General Etiquette > Family and Children

We're in the Doghouse with Mom...

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Let her be angry.

If she tries to guilt trip you cut her off and end the conversation quickly. The only slack I would give her at this age is to let it go under the rug as long as she doesn't try to drag it back out.

it is difficult when family members get older,  i'm experiencing this with grandparents and their siblings.

the last remaining are in late 80's and 90's and have had health, mental and physical, issues become more apparent over the last couple of years.  He is 98 and was still living on his own (with a cleaner and weekly visits by us) up until early last year.  sadly he has alzheimers and now is back in the 1950's when he had his own business and sometimes you see him sat as if he is assembling or sewing something.  he does have good days when he recognises us and bad when he has no idea who he is let alone us.  We are lucky that he is in a lovely care facility and within 10 mins of us instead of over an hour away.  i know that he is going to join his late wife soon though, and sadly for my father as  (it is his uncle) it'll be farewell to the last of his mother's family of that generation. 
his personality can have days when he's not who he would consider as himself, and that's the nature of the illness sadly.

she has taken to her bed, not ill just decided to not get up.  and that breaks my heart as she is (i know i shouldn't have one but she is!) my favourite grandparent.  she spoilt us with love and home baking.  hugs and trips out, not needing to buy us things, we are the only grandchildren on that side of the family and the attention was the best thing.  i'm almost too sad to see her at the moment as i'm dealing with health issues and am not sure i could keep it under control long enough to visit.

sorry i got a bit rambly there, what i meant to say is don't feel guilty Thipu, parents and grandparents get older and we can only do so much for them and as you had only just gotten back from a long trip i do think she was a little OTT in her demand that you must be there for thanksgiving.  would it soften her if you sent her some pictures from your trip?  maybe in an album book (online printers? photobox in uk, not sure US)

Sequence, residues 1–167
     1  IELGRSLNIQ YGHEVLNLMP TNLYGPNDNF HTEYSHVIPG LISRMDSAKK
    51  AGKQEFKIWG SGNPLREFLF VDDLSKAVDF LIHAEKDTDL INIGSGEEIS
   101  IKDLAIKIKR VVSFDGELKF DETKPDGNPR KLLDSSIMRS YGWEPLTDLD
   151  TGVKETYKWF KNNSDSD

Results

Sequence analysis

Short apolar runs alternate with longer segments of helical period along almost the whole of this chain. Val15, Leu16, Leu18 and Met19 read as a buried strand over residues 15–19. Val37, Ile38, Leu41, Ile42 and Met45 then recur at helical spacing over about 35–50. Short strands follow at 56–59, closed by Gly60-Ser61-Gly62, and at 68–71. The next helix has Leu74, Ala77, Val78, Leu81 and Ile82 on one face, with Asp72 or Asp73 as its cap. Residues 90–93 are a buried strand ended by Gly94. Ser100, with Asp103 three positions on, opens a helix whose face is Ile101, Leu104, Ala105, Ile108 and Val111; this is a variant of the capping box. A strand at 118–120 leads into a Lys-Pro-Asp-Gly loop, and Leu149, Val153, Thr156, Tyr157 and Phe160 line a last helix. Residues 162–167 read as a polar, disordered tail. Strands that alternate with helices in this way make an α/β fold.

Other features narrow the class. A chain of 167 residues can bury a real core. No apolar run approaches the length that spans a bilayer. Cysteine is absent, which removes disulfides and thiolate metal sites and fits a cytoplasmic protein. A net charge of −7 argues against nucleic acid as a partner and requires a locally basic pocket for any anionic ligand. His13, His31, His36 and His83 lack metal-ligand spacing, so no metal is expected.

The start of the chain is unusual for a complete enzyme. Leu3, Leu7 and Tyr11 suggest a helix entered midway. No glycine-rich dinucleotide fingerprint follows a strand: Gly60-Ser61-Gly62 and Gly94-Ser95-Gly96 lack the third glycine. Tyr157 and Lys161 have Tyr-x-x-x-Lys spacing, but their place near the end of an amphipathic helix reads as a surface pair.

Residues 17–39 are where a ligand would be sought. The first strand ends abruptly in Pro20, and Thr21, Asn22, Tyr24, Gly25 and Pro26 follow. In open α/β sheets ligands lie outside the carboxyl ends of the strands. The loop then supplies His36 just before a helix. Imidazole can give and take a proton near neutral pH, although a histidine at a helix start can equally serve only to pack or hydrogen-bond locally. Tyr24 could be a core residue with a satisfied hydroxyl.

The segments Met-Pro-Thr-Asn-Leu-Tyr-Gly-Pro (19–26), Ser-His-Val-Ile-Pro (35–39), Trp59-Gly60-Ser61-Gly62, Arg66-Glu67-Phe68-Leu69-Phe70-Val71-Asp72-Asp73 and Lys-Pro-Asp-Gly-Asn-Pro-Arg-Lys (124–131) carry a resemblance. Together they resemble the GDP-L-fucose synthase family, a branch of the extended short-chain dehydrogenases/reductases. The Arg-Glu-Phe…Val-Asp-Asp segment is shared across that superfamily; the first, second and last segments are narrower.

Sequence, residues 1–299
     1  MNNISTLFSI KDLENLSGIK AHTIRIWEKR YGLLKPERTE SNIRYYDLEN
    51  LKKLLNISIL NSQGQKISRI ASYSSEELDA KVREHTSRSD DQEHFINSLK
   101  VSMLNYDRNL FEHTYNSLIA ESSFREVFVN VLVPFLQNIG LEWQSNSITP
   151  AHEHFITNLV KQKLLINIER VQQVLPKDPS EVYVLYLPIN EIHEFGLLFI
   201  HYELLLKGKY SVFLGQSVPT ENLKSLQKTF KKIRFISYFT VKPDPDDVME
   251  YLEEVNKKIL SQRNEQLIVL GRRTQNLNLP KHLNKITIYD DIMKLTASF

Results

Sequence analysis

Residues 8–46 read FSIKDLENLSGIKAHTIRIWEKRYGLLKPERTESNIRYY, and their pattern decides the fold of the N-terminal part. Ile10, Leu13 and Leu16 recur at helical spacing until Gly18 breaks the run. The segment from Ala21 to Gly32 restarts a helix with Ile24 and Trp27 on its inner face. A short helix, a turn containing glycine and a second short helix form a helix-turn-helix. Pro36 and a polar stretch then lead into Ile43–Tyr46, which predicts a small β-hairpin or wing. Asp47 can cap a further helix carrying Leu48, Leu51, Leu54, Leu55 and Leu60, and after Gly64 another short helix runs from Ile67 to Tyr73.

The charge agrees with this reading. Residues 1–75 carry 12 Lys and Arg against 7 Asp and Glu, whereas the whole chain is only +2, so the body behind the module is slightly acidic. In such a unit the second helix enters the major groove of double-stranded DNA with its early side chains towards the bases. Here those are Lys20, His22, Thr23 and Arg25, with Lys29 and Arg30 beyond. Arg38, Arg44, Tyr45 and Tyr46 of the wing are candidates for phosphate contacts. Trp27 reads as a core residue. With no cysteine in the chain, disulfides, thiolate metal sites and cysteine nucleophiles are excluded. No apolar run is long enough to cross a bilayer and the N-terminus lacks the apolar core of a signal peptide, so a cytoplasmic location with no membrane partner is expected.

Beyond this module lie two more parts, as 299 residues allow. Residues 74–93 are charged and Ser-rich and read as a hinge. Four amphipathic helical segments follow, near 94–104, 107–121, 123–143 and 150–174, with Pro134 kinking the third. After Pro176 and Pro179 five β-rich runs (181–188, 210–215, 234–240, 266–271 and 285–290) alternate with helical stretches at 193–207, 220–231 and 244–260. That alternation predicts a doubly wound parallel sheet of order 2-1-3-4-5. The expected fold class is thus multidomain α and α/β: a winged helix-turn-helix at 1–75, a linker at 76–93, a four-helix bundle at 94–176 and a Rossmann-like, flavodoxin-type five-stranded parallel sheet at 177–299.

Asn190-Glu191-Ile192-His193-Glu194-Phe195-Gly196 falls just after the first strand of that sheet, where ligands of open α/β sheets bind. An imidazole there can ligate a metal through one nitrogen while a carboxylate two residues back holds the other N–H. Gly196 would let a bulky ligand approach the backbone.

I would let her be angry as well, just because she really expected you to pack up again after you've spent three weeks traveling. That's the last thing you wanted to do, especally on the same day you returned. Regardless of her age, I think that's a tall order to fill.

Thanks everyone for excellent advice. 

We have had experience with aging relatives.  Both of my parents lived into their 80s as did Mr. Thipu's Dad.  We know that when people of advanced age start going downhill,  it tends to happen rapidly. 

The place where MIL lives is known as a 'Continuing Care Community'. In the independent apartments, twice weekly 'maid services' keep an eye out to make sure the residents are capable.  Residents also get any medications they may need through a carefully monitored on-site pharmacy.  If there was any major problem with MIL we would be notified.

  When they are no longer able to live alone, residents move into assisted living in the same complex and, as far as they are capable, take part in all activities. 

When they really become frail, residents move into the 'Health Center' which is a true nursing home.  The community also has a special place for those suffering from dementia..

MIL has always been an expert on the way 'things should be'.  Also, bragging rights are important where she lives.  MIL would like nothing better to lead the parade of her two children with their spouses, her three grandchildren with their spouses and her six great-grandchildren into the Dining Room for Dinner. 

That isn't going to happen but that just proves to her that we are not 'good children'.  She will get over this in a week or so.  Next time we phone, she's likely to blow us off because she has a reserved time for WII Tennis but she will be cheerful when she does it.

Hey, may everyone have the same problems with an aging relative that we have.

Thanks again for all the thoughtful and


--- Quote from: Thipu1 on November 25, 2012, 10:23:15 AM ---We know that when people of advanced age start going downhill,  it tends to happen rapidly. 

--- End quote ---

In my experience this is not the case at all.  Sure in the very very end things accelerate but actually I have witnessed 3 grandparents on a slow steady years-long decline.  It started with small things, things we didn't even notice until retrospectively looking at the big picture.  Verbal filters go, food tastes change, interests and hobbies change or get dropped/repicked up, mood changes, etc.  These things happen over the course of years not months.

In many ways the rapid decline is much easier to deal with.  Please don't ignore the signs of a slow decline though.  When someone has a rapid decline you notice "hey mom can't walk anymore" with a slow decline its less noticeable to see "hey last month mom could walk 2000 steps a day, this week she can only walk 1900 steps a day."  The decline in not seen, but its there. Its especially hard to notice when there's help - a service to do her laundry, a van to drive to the grocery store, the option of the main dining room instead of cooking, etc - because there are no obvious symptoms of the decline.


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